3. Offer generous specific examples from your teaching or other relevant experience in order to provide the audience with information they’ll find helpful. Be clear about the contributions you could make to the existing department, using the department’s Web site to advantage. If you know what’s taught, you can also see the holes in the curriculum and thus suggest your secondary usefulness to areas not advertised; just be subtle enough to do so without accusation about the department’s current inadequacies. It is not a mistake to suggest how you would approach the general education or core courses of the department as well as specialty courses because doing so involves concrete examples and details.
4. Demonstrate you’ve got the chops -- Part I. Let your readers hear your students’ voices or see their reactions to your work. This can be done in a variety of ways: by quoting particular passages from student evaluations or by including single-page summaries of numerical evaluations and comments in an appendix (avoid sending scores of pages). If you’ve been nominated for or won a teaching award, talk about it as modestly and tastefully as you can.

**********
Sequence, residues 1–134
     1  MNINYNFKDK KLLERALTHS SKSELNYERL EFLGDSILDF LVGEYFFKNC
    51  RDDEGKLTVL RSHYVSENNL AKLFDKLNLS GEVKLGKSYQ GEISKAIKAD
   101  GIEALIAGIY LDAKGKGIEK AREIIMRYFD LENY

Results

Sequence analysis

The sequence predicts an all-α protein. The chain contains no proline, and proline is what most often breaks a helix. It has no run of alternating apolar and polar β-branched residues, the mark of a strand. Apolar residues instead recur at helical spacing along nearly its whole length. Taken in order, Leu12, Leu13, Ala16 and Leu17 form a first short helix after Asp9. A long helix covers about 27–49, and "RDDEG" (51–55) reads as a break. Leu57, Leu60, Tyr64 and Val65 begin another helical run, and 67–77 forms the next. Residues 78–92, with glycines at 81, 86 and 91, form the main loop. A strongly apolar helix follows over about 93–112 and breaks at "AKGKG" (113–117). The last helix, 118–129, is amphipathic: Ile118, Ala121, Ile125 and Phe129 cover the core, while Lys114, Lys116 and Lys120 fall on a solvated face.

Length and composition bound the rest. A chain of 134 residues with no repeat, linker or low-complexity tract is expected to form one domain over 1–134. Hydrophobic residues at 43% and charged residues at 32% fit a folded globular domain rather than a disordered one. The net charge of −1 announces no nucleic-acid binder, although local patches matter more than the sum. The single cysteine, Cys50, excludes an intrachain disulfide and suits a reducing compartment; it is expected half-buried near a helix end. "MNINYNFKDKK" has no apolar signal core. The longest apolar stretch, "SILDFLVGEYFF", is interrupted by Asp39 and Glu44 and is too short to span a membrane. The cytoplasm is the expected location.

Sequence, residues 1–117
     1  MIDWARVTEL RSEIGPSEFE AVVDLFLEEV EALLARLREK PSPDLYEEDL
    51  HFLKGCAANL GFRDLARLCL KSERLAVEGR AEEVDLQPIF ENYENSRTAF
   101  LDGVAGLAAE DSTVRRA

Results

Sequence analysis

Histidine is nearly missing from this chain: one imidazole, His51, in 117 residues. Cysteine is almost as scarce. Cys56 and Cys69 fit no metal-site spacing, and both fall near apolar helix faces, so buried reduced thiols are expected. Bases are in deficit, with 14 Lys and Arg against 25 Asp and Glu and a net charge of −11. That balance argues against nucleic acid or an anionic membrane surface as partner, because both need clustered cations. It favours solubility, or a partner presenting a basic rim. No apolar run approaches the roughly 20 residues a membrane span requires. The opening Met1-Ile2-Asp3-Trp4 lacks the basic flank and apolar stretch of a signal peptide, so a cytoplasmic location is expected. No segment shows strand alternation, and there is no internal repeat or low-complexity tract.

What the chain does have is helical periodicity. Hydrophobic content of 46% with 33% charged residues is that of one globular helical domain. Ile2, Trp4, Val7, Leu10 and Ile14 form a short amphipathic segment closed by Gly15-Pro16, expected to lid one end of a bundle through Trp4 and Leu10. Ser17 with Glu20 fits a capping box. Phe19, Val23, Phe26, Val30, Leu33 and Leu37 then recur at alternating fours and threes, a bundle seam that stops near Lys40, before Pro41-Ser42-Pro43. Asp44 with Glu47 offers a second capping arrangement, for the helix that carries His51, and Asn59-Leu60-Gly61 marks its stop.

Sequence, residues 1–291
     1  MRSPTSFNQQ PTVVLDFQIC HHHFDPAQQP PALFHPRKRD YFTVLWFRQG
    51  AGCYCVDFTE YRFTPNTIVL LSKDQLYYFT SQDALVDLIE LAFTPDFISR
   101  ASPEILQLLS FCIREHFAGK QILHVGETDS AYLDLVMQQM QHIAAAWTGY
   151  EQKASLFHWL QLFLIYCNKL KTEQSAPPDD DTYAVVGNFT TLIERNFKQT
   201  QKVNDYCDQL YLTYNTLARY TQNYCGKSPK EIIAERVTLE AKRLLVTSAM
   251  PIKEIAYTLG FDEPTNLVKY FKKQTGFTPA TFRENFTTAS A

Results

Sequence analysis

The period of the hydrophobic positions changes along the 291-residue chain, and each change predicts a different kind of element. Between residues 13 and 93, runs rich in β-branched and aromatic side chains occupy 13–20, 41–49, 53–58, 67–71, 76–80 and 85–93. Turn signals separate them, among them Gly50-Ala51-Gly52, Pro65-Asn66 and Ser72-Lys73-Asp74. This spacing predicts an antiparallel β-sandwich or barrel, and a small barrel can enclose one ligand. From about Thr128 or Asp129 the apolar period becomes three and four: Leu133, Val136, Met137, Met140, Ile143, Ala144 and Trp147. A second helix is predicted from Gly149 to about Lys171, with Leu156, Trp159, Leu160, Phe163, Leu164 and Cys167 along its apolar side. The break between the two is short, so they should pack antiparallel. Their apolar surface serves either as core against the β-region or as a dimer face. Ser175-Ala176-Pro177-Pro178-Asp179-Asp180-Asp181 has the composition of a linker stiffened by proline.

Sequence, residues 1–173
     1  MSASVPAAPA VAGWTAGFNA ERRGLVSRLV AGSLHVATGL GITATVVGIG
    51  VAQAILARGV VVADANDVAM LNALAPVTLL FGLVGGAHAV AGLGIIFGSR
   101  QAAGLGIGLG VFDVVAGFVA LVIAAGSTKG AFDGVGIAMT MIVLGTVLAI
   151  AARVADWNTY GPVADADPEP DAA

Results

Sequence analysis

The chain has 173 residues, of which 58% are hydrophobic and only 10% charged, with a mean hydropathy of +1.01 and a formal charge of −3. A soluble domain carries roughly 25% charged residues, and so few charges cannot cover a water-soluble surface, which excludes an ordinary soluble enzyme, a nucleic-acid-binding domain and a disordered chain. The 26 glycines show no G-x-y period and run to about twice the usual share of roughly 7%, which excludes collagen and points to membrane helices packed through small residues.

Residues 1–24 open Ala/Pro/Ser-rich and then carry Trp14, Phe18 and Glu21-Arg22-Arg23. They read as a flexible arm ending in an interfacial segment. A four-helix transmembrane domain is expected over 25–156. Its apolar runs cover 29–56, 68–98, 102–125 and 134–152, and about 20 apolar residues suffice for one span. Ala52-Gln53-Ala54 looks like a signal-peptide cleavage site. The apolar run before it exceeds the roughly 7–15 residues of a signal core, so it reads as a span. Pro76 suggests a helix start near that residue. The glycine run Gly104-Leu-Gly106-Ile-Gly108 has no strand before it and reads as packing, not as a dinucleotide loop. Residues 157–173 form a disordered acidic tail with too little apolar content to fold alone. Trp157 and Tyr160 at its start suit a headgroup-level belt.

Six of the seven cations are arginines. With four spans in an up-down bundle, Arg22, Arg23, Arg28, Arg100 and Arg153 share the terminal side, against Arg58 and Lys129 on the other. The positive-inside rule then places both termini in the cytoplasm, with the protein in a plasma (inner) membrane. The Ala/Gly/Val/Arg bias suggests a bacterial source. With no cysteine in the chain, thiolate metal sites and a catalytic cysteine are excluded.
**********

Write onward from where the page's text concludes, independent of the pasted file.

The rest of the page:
5. Your chops -- Part II. In the jargon du jour, show yourself to be both student-centered and discipline-oriented. My department’s most recent hire Jared illustrates how these can be combined: “Teaching basic writing at X Community College and at Y State University, I have worked effectively with students from diverse backgrounds [who] have been identified by placement examinations as under-prepared for college-level writing. The most important thing I can do as a teacher in that situation is to help students develop confidence in their own abilities [in order] to believe that they belong in college and that they can successfully navigate its challenges. We work on developing it by critically analyzing academic discourse features, which students then consciously introduce into their writing based on their own rhetorical goals.” Notice that he identifies one target population of the community college, but the discussion doesn’t stop with under-prepared students; rather, he identifies the rhetorical strategies he helps students to recognize and use, which a composition program would find attractive.